My mid week hysteria has definitely begun to set in, I’m noticing a pattern that I go loopy on Wednesdays. I think I always did back in the UK as well but all the time alone with my thoughts has intensified it.  Last night after having a particularly successful omelette (I’ve now found eggs in the village!) I had a very vivid dream about keeping a chicken as a pet. I called her Vivien and she had a little pink tag around her foot.  I woke up really wanting to own a chicken. The problems would be a) I don’t know how to look after chickens, b) I go away at weekends and so I would have to employ a chicken sitter and c) I have a feeling they live longer than two years. This would create a problem when I finally leave because I would have to find someone who wanted an ancient chicken as a pet. So ces’t la vie, the chickens of Rwanda are safe!

Tuesday, 15 February 2011

An inspector calls

Well as if life couldn’t get any stranger for me at the moment, we had the Rwandese version of Ofsted here today! I’ve come to the conclusion that inspectors the world over give me the heebie jeebies. Its not their fault, I just find them scary. An inspector came to watch me teach as I knew they would as I stick out like a sore thumb...not quite sure what they made of my work (I don’t think I got graded) but they did take lots of photos! Coming face to face with inspectors left me feeling traumatised enough to eat my whole chocolate stash in one day. Needed a hug and so I went outside and little Noella from next door kindly obliged.
I’m going to be kind to myself this evening and watch a film, have a glass of Amarula cream and remember that I can only do what I can do. Change takes time and Rome wasn’t built in a day. Its all feeling a bit stressful this week, feeling a bit frazzled. On the plus point people in the village are starting to talk to me more and so are the tutors so feeling a bit more at ease in my environment, slowly but surely. Hopefully I’ll be able to stop by a supermarket in Kigali at the weekend and buy some more weird Kenyan Cadburys for the next emergency. For all you kind souls out there, its not quite hot enough to melt chocolate out here and British Cadbury’s really is the best! Email me and I’ll give you an address...hint, hint, hint!

Sunday, 13 February 2011

My first time in a police car...

Well it seems that here in Rwanda the one thing you can expect is the unexpected. Had a good morning on Friday teaching at the TTC, I’m really getting into my job and I think I was well matched to working in a training college. I love the fact that I am doing some regular direct teaching of students and as you all know I love drawing, marker pens and making things so I am in my element with making a resource centre. That afternoon we had to gather for an impromptu rescheduled meeting ‘under the big tree’ with lots of police officials who had come to talk to the students as part of drugs awareness week. It was in Kinyarwanda but luckily for me a college tutor translated so I knew the gist of what was being said.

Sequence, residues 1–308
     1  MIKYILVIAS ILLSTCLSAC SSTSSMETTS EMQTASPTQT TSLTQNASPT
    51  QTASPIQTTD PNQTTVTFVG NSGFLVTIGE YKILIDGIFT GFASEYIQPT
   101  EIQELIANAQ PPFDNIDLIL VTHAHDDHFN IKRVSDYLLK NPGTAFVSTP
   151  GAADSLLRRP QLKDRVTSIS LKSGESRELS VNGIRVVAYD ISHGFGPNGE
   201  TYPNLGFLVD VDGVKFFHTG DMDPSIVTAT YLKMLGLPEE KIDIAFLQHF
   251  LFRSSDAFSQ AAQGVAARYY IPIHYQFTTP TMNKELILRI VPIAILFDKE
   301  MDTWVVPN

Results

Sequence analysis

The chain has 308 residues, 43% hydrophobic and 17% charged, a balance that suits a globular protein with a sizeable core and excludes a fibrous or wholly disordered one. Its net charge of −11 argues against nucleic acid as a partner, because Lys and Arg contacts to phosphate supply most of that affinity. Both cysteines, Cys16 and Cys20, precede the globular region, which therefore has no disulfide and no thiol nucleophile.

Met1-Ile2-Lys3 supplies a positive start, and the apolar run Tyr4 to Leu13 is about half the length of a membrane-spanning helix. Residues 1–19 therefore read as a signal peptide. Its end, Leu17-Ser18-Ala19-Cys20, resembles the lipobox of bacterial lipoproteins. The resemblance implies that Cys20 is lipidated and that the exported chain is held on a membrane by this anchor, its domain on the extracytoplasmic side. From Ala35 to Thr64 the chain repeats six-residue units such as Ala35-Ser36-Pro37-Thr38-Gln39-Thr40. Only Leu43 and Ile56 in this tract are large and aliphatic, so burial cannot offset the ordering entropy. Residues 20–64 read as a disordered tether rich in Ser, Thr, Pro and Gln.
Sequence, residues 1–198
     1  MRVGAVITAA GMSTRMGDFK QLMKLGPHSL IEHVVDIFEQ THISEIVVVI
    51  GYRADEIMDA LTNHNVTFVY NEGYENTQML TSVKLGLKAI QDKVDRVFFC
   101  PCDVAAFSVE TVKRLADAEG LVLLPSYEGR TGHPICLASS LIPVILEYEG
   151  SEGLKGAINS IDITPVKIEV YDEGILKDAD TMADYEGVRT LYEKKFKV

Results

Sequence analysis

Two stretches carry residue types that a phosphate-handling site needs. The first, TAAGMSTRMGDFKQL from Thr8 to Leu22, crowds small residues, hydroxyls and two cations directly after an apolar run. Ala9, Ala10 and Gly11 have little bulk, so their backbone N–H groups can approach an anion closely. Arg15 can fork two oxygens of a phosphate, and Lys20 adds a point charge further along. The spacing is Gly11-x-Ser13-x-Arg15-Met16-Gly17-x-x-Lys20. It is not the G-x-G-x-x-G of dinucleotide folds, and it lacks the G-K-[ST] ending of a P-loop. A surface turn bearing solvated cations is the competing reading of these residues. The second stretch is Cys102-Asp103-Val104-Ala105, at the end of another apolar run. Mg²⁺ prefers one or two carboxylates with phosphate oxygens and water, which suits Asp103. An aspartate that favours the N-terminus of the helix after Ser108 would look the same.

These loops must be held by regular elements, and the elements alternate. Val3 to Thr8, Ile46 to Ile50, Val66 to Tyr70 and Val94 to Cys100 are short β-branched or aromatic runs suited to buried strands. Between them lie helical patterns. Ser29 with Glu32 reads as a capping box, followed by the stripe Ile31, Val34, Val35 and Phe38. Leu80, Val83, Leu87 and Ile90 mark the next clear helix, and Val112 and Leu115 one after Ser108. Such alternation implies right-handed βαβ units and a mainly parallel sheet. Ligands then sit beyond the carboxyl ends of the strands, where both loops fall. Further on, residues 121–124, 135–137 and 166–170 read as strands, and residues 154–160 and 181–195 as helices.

Afterwards we went to the local bar for beer and brochettes with the police officials and as the light began to fade and the police officials left I excused myself so I could try to get a moto to Rwamagana to see my VSO Rwanda mum and dad, Steven and Mary. As the police sped off I mentioned to the principal that I was going to Rwamagana. Out came his mobile phone and he called them back to give me a lift. No one thing I know for sure is that police in England would never do such a helpful deed. So I squashed into the middle of the police pick up truck and conversed with the chief of police about drug prevention laws in the uk and how college lecturers from England talk too fast for around an hour. As we slowly went along the bumpy dirt road to Rwamagana in the dark and my head kept hitting the top of the truck I couldn’t help but think ‘How did my life get so weird?!’ I am hitchhiking in the dark in the middle of Africa with the police and talking about drugs. It was quite funny turning up at the hotel to meet Steven and Mary in the police certainly turned a few heads!